Robin Ventura replaces Ozzie Guillen as White Sox manager

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Lots of names have been linked to the White Sox’s managerial opening since Ozzie Guillen went to the Marlins on September 28, but in the end the choice came out of nowhere.

In a surprise move the White Sox announced that Robin Ventura will replace Guillen as their new manager.

Ventura played 10 seasons for the White Sox as a power-hitting, Gold Glove-winning (and Nolan Ryan-fighting) third baseman–with Guillen often next to him at shortstop–retiring in 2004 at age 36. Since then he’s been a television analyst for college games on ESPN

“I wanted someone who met very specific criteria centered around his leadership abilities and Robin Ventura was that man,” general manager Ken Williams told reporters.

This is a certainly a bold, shocking move by Williams and the White Sox, but Ventura’s lack of experience makes it tough to have an opinion on his ability to do the job. He’s generally well respected around baseball, but has zero coaching track record aside from working with his son’s high school team.

Phillies, RHP Taijuan Walker reportedly agree to 4-year deal

Kyle Ross-USA TODAY Sports
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SAN DIEGO – The active Philadelphia Phillies added Taijuan Walker to their rotation on Tuesday, agreeing to a $72 million, four-year contract with the right-hander.

A person familiar with the negotiations confirmed the move to The Associated Press on condition of anonymity because it was pending a physical.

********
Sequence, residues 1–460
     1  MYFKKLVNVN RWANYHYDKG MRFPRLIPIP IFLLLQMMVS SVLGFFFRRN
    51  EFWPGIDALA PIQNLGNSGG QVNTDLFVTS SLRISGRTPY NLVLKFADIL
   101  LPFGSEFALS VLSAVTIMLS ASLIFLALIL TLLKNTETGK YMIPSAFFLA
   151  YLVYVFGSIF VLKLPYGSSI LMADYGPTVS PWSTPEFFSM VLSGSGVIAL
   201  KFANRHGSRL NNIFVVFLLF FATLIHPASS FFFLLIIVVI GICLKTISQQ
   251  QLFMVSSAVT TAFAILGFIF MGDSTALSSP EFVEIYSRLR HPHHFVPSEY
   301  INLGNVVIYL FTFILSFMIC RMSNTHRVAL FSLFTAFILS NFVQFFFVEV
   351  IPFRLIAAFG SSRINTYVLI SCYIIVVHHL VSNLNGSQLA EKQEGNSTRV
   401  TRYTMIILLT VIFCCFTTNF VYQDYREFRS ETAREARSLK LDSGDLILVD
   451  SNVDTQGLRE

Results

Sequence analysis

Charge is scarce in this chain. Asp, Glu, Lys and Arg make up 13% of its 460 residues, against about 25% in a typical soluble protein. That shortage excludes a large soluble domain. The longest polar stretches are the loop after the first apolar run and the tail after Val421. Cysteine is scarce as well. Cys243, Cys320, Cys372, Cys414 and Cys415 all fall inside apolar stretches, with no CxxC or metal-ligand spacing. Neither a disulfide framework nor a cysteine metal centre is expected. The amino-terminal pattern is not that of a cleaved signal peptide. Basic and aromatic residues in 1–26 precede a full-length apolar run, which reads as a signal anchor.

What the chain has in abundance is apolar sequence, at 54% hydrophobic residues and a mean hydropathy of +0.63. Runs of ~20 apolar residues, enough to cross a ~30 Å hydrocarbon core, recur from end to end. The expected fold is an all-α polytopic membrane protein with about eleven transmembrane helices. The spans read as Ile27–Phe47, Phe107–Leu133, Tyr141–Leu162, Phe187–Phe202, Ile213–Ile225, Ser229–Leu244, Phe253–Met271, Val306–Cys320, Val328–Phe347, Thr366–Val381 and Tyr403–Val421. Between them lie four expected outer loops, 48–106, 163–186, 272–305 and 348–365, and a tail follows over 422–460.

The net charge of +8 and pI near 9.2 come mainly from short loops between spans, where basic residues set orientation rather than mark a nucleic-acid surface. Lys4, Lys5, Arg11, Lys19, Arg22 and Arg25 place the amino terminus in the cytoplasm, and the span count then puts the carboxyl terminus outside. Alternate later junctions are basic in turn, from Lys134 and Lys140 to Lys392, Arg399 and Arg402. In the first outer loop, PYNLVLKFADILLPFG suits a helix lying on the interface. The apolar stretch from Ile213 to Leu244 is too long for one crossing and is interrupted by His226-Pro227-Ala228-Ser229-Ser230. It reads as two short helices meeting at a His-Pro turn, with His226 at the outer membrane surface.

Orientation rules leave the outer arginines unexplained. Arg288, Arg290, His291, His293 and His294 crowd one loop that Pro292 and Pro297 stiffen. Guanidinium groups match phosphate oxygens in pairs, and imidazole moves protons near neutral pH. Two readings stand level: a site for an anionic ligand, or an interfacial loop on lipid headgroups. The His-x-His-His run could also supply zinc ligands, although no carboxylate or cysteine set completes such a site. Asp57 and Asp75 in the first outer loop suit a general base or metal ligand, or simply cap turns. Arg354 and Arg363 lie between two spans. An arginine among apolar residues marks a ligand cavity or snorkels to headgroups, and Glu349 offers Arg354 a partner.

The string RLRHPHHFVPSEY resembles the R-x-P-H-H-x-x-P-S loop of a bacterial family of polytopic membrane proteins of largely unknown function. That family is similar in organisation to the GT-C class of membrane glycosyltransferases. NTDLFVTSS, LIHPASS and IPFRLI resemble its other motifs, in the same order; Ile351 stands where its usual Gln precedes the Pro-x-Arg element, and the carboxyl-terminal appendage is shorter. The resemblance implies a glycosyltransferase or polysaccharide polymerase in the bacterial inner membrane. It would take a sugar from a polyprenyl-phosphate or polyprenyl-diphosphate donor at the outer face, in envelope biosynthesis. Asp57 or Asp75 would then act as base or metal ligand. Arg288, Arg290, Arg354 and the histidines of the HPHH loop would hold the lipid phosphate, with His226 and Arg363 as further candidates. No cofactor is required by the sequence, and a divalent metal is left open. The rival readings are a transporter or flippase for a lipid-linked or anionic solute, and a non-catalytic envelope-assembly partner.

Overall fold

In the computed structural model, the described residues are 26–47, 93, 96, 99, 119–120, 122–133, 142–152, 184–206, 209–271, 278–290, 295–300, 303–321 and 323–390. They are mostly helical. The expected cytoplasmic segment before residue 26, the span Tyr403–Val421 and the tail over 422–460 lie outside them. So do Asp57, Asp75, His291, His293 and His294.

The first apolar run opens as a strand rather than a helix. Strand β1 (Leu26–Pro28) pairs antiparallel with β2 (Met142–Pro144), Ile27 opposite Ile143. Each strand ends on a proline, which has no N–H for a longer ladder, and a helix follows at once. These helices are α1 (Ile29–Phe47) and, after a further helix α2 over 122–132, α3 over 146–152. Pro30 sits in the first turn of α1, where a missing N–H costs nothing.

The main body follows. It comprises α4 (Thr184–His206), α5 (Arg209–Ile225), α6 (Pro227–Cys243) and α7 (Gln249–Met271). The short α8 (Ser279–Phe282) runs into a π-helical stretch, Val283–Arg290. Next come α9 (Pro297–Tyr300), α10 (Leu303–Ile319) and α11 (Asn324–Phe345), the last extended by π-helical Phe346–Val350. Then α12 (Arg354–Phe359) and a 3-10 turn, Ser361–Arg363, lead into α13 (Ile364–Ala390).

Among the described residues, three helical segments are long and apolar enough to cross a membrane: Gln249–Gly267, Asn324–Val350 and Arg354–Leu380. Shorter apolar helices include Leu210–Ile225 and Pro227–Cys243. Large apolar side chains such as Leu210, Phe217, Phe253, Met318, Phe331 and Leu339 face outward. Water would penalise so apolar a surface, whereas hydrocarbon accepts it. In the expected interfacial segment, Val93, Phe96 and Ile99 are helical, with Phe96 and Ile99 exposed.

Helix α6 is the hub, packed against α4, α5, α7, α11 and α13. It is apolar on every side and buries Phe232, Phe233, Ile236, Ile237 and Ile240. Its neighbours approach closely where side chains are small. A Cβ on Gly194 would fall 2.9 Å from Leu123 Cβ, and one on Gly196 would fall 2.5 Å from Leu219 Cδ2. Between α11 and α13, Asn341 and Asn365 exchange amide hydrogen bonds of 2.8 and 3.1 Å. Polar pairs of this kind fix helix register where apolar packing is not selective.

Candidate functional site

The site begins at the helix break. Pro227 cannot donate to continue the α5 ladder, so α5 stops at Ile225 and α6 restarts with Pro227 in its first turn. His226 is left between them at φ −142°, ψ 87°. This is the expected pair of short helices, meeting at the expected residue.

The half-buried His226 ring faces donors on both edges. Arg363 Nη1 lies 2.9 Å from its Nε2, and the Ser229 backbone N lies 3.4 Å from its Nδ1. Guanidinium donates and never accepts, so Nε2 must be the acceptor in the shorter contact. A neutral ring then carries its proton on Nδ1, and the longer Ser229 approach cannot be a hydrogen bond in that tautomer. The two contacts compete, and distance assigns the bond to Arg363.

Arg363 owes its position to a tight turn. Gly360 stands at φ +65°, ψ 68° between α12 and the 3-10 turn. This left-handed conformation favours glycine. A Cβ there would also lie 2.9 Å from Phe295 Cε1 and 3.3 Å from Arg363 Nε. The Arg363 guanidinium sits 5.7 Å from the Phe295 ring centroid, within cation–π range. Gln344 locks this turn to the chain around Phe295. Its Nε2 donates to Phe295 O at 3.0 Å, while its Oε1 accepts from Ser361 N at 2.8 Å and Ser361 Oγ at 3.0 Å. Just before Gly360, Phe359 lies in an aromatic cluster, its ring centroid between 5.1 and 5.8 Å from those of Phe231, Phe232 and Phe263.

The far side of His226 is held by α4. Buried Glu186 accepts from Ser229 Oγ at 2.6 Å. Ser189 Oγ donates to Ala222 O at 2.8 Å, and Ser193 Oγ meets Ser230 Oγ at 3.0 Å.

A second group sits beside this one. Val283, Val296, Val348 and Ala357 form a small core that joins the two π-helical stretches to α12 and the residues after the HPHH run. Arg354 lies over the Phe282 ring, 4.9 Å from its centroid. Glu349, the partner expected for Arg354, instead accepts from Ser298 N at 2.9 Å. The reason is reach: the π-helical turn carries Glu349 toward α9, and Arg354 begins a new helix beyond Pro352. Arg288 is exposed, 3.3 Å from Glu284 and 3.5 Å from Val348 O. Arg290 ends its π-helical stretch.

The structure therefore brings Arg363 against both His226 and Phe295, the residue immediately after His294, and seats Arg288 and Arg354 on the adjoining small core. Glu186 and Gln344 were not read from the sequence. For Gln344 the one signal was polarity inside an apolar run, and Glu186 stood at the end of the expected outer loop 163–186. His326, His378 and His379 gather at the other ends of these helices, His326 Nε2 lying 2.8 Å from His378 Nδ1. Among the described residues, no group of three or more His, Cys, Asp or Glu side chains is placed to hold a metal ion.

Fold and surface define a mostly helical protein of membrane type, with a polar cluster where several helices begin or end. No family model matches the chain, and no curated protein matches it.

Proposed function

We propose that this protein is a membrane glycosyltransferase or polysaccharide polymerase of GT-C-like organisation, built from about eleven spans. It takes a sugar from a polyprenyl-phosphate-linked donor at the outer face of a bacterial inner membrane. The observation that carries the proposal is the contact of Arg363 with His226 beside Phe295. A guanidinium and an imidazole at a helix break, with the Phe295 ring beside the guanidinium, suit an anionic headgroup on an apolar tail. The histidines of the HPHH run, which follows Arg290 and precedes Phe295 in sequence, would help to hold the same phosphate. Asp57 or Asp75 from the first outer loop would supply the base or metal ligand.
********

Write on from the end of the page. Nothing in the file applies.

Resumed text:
It was the second major free-agent score for the Phillies at the winter meetings after they reeled in shortstop Trea Turner on Monday with a $300 million, 11-year deal. Walker and Turner join a Phillies team that made it to the World Series this year before losing to the Houston Astros.

The 30-year-old Walker went 12-5 with a 3.49 ERA in 29 starts this season for the New York Mets, one of Philadelphia’s biggest NL East rivals. He slots into a rotation fronted by Zack Wheeler and Aaron Nola.

The Phillies recently lost pitcher Zach Eflin in free agency to Tampa Bay.

Asked about the market for Walker earlier in the day, agent Scott Boras said it was robust.

“As you can see in the marketplace, there’s a whole number of pitchers that are throwing 60 and 70 innings that have been pursued, probably with the exception of (Jacob) deGrom, at the lower end of threshold around $13-15 million a year because the demand for quality pitching is so great,” Boras said.

“So, Tai … is one of the younger ones, one of the more durable ones and we expect him to be pursued greatly as his market unfolds.”

Walker was selected by Seattle with the No. 43 pick in the 2010 amateur draft. He made his big league debut with the Mariners in 2013.

Walker signed with New York as a free agent in February 2021. He turned down a $7.5 million player option last month in favor of a $3 million buyout, making his deal worth $17 million over two seasons.

The 6-foot-4 Walker made the All-Star team for the first time in 2021, putting together a fast start before fading to a 7-11 record with a 4.47 ERA in 30 games, 29 starts.